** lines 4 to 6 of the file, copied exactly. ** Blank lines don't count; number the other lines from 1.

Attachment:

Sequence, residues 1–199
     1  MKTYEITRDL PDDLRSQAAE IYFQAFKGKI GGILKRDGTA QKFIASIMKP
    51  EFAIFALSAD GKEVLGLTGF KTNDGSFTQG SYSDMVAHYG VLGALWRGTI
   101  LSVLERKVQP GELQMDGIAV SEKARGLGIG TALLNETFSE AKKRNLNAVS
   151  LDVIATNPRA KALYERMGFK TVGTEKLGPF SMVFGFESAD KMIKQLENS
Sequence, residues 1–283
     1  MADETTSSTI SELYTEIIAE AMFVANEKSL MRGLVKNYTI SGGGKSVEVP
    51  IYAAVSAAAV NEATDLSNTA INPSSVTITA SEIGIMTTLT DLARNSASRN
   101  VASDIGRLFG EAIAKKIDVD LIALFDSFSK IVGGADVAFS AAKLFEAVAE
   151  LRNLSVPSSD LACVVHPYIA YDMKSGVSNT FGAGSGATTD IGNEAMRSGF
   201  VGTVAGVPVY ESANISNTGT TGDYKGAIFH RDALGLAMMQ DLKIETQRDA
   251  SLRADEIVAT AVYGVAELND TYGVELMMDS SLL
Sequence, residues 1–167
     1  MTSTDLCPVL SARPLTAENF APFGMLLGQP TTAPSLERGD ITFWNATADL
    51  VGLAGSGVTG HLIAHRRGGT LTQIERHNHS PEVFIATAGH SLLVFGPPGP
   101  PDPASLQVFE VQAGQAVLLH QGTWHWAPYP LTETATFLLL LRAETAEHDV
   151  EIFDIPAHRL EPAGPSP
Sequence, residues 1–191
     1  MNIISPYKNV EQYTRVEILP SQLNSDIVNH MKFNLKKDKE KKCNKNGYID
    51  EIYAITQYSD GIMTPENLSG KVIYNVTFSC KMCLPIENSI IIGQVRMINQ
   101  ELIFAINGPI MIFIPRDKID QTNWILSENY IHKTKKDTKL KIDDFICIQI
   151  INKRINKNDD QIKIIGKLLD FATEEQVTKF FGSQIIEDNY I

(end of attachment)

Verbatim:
   101  LSVLERKVQP GELQMDGIAV SEKARGLGIG TALLNETFSE AKKRNLNAVS
   151  LDVIATNPRA KALYERMGFK TVGTEKLGPF SMVFGFESAD KMIKQLENS
Sequence, residues 1–283